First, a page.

“Consumers want something delicious,” said Sandy Block (MW) of Legal Seafoods. “If it has a story, a clear identity, the staff will form a picture of how it will work with food. If it’s hazy, with a vague story, it’s a harder sell. What is the story? People don’t have all day to pick out a wine. What causes people to look at the Washington section?”

Part of the reason the story may be hazy is that it’s still unfolding. The region is still in its infancy. Much of its growth and development still lies ahead. After years of leading Travel, Food and Wine Writing Classes to established wine regions like Bordeaux, Provence and Montalcino, Italy (, I’ve come to understand just how long it takes regions to develop such distinctive styles and traditions. It will be a while before Washington gets there, no matter how high its quality.

“Old world structure with new world fruit,” said Betz, summing up what he finds distinctive about the state’s wine. “But sometimes the best gauge is the two-point scale—yum or yuck.”

The panelists may not have been able to define exactly what makes Washington wines unique, but they all agreed on its quality. Yum!
Are you a fan of Washington wine? What do you like or dislike about it? What is your favorite house or varietal? I’d love to hear your thoughts.

Publishing Opportunities

Pont des ArtsPublishers occasionally contact me looking for writers to contribute to their publications. Here are two that you might consider as homes for your stories:

The editors at City Arts Magazine are now accepting submissions for Ampersand, City Arts print and online showcase for original work by emerging Northwest artists and writers. We want to see fiction, poetry, essays, film, painting, music, lyrics, scripts and whatever else you can think of. In particular, we are looking for under-celebrated work that demonstrates innovation, superior craftsmanship and, as much as possible, a healthy sense of humor.Explore Ampersands new home on our Web site at

Pink Pangea, the first online community for women travelers, is seeking travel writers! Pink Pangea is the place where women travelers share their experiences abroad, connect to fellow travelers, and inspire other women to explore the world. Pink Pangea’s goal is to make travel easier, safer, and more fulfilling for women of all ages. We are looking for adventurous and eloquent students who have traveled abroad and want to document their experiences while discussing issues that are relevant to women travelers.

Contact for more information, and visit to read current articles.

An Oenophile’s Eden: Wine Touring Story about Napa Valley

Stag's Leap winemaker Nicki PrussStag’s Leap winemaker Nicki Pruss beside the “Hands of Time” tribute to those who have worked at the winery

It’s harvest in Napa. The smell of fermenting grapes fills the air. Pickers comb the yellowed rows of vines, culling glistening clusters before fall rains or early frost damage them. Wine makers work feverishly to crush the fruit at the apex of its ripeness, insuring a stellar vintage. Fruit flies buzz excitedly, caught up in the frenzy of the crush.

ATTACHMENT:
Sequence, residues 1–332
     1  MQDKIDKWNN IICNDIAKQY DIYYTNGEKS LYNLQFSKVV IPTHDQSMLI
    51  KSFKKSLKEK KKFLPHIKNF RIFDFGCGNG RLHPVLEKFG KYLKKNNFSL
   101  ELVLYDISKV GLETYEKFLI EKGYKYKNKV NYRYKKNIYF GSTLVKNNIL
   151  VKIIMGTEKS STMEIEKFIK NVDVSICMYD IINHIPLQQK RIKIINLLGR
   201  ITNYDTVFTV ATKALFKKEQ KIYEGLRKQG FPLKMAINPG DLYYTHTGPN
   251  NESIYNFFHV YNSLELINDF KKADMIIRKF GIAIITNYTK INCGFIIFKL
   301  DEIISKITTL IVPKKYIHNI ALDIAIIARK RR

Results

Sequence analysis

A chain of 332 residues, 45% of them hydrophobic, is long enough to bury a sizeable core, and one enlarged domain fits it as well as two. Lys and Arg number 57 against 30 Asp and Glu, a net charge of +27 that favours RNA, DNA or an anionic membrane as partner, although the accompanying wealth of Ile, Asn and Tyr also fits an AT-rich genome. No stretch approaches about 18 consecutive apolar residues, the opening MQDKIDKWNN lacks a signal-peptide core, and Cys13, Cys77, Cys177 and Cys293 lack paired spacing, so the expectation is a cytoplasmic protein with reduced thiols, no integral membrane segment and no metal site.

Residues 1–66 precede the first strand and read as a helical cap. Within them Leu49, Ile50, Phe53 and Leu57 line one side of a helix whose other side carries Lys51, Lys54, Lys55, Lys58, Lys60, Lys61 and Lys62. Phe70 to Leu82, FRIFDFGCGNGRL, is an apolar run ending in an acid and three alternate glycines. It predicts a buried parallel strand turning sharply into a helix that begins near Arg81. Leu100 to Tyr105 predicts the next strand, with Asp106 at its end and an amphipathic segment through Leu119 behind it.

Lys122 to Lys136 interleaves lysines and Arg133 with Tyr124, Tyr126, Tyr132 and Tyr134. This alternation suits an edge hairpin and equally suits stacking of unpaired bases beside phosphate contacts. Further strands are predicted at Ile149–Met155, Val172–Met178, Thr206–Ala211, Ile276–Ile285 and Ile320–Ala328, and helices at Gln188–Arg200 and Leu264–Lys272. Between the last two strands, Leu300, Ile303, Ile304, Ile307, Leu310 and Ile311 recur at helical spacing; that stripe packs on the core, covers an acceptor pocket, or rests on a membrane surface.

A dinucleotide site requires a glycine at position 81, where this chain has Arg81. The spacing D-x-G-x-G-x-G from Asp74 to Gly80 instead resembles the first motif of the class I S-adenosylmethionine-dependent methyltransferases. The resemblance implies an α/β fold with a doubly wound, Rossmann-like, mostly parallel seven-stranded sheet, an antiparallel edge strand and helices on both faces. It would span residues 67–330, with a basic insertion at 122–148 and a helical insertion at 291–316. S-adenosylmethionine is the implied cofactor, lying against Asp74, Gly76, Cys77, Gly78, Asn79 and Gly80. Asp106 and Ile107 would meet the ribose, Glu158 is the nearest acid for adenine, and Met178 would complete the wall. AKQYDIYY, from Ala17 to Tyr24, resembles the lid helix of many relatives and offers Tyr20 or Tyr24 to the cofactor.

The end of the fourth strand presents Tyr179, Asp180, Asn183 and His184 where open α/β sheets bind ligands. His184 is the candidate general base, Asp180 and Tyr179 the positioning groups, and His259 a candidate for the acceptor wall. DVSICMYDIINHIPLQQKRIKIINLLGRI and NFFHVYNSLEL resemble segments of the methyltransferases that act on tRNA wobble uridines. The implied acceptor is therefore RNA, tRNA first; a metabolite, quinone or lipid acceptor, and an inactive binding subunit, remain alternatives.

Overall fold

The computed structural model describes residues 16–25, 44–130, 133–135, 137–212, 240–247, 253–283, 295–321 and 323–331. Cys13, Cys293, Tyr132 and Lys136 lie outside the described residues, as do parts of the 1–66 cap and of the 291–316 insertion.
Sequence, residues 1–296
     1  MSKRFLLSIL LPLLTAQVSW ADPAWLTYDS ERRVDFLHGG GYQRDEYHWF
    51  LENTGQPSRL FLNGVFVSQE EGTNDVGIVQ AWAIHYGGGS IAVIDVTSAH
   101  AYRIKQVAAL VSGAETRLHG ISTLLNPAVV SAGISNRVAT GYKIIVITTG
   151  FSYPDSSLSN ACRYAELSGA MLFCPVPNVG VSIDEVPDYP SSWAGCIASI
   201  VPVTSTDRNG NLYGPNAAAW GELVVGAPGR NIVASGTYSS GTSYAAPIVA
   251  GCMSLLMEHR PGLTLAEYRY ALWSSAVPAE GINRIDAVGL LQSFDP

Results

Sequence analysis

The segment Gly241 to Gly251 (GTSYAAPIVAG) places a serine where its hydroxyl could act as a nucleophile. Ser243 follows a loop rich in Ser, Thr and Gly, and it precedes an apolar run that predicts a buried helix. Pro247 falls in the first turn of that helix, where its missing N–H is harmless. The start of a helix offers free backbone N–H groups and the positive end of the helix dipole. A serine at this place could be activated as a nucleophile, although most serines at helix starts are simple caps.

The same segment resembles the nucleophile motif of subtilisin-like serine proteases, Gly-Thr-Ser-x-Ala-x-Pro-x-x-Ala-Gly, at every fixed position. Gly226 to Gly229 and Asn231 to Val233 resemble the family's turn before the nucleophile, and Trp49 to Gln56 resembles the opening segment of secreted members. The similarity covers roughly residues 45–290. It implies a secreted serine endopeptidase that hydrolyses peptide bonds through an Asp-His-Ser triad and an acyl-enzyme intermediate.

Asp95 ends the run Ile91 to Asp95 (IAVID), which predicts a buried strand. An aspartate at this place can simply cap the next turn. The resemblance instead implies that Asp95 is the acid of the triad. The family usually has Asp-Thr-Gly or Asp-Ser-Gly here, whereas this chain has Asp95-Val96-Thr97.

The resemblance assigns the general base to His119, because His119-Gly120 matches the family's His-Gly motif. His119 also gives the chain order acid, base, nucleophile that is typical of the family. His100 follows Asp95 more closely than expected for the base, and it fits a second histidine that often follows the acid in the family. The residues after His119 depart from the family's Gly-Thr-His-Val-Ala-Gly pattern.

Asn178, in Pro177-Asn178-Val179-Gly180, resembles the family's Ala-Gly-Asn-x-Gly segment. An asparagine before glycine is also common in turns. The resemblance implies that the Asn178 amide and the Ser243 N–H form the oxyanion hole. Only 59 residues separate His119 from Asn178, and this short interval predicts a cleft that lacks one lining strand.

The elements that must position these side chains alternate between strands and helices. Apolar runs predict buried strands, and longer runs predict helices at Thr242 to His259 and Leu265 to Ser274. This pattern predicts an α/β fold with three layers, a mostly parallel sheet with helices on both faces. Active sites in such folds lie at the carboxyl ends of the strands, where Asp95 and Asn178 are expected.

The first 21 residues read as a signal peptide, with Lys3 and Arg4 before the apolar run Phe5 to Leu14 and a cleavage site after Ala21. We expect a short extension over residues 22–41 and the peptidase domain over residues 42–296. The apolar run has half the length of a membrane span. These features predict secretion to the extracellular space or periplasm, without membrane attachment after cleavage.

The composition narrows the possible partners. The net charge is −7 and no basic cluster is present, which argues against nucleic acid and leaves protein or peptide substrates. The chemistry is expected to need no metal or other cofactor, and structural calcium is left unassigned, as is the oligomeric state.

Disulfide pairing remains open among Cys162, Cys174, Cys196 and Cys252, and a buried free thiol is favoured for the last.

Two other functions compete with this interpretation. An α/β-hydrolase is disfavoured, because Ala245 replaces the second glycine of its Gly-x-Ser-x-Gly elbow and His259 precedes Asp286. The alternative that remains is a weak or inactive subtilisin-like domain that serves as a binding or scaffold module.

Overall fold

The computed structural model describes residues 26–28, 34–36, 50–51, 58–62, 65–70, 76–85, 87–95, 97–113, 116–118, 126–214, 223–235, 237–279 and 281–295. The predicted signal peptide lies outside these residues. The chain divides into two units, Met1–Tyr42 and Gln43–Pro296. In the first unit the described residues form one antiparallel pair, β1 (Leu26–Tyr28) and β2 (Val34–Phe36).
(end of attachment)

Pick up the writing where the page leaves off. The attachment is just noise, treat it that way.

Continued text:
“It feels like we’ve been doing an ultra-marathon,” says Nicki Pruss, the red-cheeked winemaker at Stag’s Leap Wine Cellars, one of the most famous houses in Napa. “I sometimes don’t know what day of the week it is.”

During the harvest, Pruss serves as chief “grape herder,” coordinating the picking and tasting the fruit before it enters the stainless steel maw of the crushing machine. Amid the noise and haste, she recites her mantra “balance, elegance, restraint” allowing her to decide which juice from the vineyard blocks will go into the winery’s signature blends.

“Each block is like a color on a painter’s palette,” she says. “Each block is a slightly different expression of cabernet. Some have bigger, more structural components. The soils, climate and grapes all make a difference in the blend. We are trying to become in tune with this place.”

Harvest in NapaWarm days and cool nights make for an ideal Napa wine harvest

Stag’s Leap occupies one of the choicest sites in the Napa Valley, an oenophile’s Eden of some 400 wineries located 50 miles northeast of San Francisco. Thirty miles in length, it ranges from five miles wide near the city of Napa to one mile near the town of Calistoga. Internationally known as one of the world’s greatest wine regions, the valley contains the richest concentration of wineries, fine dining and wine touring facilities in North America.

After leading wine tours for The Writer’s Workshop to France and Italy, I wanted to see how North America’s greatest wine region stacks up against the best of the Old World. I’d passed through the valley before, but didn’t have the time to fully explore it till a three-day trip last fall. What is special and unique about the place? Why do so many people fall under its spell? How does it differ from the great wine regions of Europe? These were some of the questions I sought to answer during my visit.

I was here on assignment for Alaska Airlines Magazine to write about Napa as a wine touring destination. In the course of the writing assignment, I interviewed Nicki Pruss of Stag’s Leap, Chris Howell of Cain Five, Antinori’s chief enologist, Renzo Cotarella, and visited with Karen Trippe at the Conn Creek Barrel Blending Experience. The assignment required research and interviewing skills, as well as structuring the story in terms of a quest, some of the techniques I discuss in my writing classes as well as trying to put into words what makes a wine like Stag’s Leap Cask 23 so superlative.  The story will be coming out in the February or March issue. Please let me know what you think!